List of Indian spices
Indian spices include a variety of spices grown across the Indian subcontinent (a sub-region of South Asia). With different climates in different parts of the country, India produces a variety of spices, many of which are native to the subcontinent. Others were imported from similar climates and have since been cultivated locally for centuries. Pepper, turmeric, cardamom, and cumin are some example of Indian spices.
Spices are used in different forms: whole, chopped, ground, roasted, sautéed, fried, and as a topping. They blend food to extract the nutrients and bind them in a palatable form. Some spices are added at the end as a flavouring — those are typically heated in a pan with ghee or cooking oil before being added to a dish. Lighter spices are added last, and spices with strong flavour should be added first. "Curry" refers to any dish in Indian cuisine that contains several spices blended together, whether dry or with a gravy base. However, it also refers to Curry leaves, commonly used in South India.
Below is a list of spices and other flavouring substances commonly used in India.
|Amchoor||Dried green and unripe mango powder|
|Asafoetida||Intensely aromatic - flavor profile sometimes compared to that of truffles and garlic|
|Black cardamom||Very earthy and darkly aromatic. Often used in North Indian curries.|
|Black pepper||Pepper may be used whole or ground in Indian cuisines. The largest producer is the southern Indian state of Kerala.|
|Black cumin||Sweet, floral and smokey cumin and anise-like flavour. Smaller in size than regular cumin. Often mistaken as Caraway seed. Though English translation is black cumin, the term black cumin is also used as English translation of Nigella sativa, kalonji|
|Celery / Radhuni seed|
|Charoli||a type of nut particularly used in making desserts|
|Chili pepper powder|
|Bay leaf, Indian bay leaf||Both Indian bay leaf and bay leaf are similar and called as Tej Patta in Hindi. However, they are from two different species and have differences in taste|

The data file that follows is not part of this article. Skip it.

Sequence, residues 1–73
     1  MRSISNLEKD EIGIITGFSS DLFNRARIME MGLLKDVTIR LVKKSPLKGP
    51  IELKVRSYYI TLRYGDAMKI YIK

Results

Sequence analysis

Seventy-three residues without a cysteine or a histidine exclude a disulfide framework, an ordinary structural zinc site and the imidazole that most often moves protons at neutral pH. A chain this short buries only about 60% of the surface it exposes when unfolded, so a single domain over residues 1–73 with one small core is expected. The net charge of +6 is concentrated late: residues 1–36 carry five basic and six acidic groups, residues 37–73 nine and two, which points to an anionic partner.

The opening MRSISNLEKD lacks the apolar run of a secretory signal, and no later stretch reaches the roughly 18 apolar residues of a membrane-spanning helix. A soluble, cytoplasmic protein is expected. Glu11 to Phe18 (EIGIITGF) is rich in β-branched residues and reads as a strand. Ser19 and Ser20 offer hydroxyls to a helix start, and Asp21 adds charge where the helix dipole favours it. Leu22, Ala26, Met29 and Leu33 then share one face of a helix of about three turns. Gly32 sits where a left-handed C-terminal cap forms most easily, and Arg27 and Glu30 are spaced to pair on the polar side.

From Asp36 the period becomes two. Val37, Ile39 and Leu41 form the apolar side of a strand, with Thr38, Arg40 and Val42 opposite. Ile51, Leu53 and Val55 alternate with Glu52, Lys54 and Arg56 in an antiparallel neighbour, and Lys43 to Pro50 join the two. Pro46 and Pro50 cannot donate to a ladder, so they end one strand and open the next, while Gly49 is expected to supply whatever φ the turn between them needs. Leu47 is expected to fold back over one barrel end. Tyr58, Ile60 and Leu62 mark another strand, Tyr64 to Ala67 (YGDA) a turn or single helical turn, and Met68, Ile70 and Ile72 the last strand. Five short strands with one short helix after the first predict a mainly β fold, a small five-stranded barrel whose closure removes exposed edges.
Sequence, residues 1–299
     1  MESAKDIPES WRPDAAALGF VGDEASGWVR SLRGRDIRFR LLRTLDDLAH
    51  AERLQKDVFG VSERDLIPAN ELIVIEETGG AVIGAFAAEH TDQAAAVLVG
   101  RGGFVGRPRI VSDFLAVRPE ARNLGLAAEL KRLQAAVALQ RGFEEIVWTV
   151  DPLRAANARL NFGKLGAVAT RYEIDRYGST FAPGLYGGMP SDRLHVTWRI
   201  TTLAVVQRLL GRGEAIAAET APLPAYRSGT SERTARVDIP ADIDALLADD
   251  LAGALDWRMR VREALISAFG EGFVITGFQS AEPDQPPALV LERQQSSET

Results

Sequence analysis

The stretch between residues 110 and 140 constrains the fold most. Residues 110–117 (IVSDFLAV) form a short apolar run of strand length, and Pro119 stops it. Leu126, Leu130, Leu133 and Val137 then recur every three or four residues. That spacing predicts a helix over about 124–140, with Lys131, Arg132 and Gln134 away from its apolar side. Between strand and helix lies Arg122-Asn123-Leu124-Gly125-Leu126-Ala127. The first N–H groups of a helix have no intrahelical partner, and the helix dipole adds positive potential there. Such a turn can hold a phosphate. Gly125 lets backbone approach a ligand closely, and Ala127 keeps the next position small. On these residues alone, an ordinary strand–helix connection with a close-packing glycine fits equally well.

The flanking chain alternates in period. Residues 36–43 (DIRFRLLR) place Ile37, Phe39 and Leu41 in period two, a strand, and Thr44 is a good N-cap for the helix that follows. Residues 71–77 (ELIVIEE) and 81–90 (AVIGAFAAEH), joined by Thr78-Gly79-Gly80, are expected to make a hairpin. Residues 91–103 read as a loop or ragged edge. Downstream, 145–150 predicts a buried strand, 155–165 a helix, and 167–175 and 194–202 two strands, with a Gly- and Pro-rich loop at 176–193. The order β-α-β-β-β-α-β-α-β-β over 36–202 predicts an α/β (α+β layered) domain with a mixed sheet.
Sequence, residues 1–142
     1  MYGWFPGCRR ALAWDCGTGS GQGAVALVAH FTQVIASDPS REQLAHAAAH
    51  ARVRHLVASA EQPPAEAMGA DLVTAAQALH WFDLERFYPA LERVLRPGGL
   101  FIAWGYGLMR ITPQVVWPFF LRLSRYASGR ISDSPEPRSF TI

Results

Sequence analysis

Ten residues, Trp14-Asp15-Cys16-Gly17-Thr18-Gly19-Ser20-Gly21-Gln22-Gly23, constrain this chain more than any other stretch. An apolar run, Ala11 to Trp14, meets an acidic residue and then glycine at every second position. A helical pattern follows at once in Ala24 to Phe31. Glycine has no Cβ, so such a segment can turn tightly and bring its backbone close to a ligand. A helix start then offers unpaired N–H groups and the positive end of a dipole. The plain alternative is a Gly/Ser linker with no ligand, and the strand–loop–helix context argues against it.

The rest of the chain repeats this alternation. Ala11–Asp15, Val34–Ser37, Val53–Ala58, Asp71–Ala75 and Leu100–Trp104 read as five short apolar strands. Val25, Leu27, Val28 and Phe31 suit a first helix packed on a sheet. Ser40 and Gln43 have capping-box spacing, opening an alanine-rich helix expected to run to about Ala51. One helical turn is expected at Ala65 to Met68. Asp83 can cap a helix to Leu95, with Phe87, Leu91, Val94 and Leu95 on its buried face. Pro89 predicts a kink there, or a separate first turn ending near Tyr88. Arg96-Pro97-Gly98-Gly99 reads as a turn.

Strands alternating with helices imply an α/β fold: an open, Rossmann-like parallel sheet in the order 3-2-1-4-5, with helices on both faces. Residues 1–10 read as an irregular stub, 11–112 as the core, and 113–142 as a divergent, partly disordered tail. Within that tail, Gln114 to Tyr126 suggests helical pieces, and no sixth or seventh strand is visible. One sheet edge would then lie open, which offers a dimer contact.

|Cinnamon||Grown commercially in Kerala in southern India. Two types, cassia (common) and royal.|
|Cloves||Kerala, Tamil Nadu, and Karnataka are largest producers in India.|
|Cubeb||Tastes of clove with added bitterness with a persistent mild numbing sensation|
|Cumin seed||See Kali Jeera.|
|Cumin seed ground into balls|
|Curry tree or sweet neem leaf||Cannot retain flavour when dried. Only used fresh.|
|Four seeds||Seeds of watermelon, musk melon, cucumber and pumpkin|
|Garcinia gummi-gutta||Used in fish preparations of Kerala|
|Garam masala||Blend of 8+ spices. Each family has their own secret recipe.|
|Dried ginger||mostly powdered|
|Green cardamom||Malabar variety is native to Kerala.|
|Green chili pepper|
|Indian bedellium tree||Very earthy aromatic mostly used in religious|
|Jakhya||Tasteless and odorless when uncooked; Earthly and crunchy when crackled in oil.|
|Kalpasi||Also known as black stone flower|
|Brown mustard Seed|
|Nutmeg||Whole nuts last forever. Powder, only a month.|
|Mace||Mace is outer covering to nutmeg nut. Similar aroma.|
|Panch phoron||This is a Bengali spice mix that combines fennel seeds, cumin seeds, fenugreek seeds, mustard seeds and nigella seeds.|
|Pomegranate seed||Dried and ground in the Middle East.|
|Poppy seed||Very popular in West Bengal known posto, with no of Bengali cuisine, most popular Allu Posto|
|Saffron pulp||Actually, safflower concentrate|
|Saffron||World's most expensive spice. Used for rice flavouring.|
|Star aniseh||Exotic, Chinese-influenced flavours|
|Tamarind||Provides tartness in South Indian curries|
|Turmeric||Source of yellow color in many curries.|
|Gum Tragacanth||A thickener and coating for desserts|
- About Indian spices, "", Indian spices
- "Glossary Pakistani & Indian Spices (Masala)". Direct Advert Media LLC. Retrieved 2 October 2013.
- Gantzer, Hugh; Gantzer, Colleen (2014). SpiceStory. Spices Board of India. ISBN 9789383098385.
- Raghavan, Susheela (2006). Handbook of Spices, Seasonings, and Flavorings (2nd ed.). Hoboken: CRC Press. ISBN 9781420004366.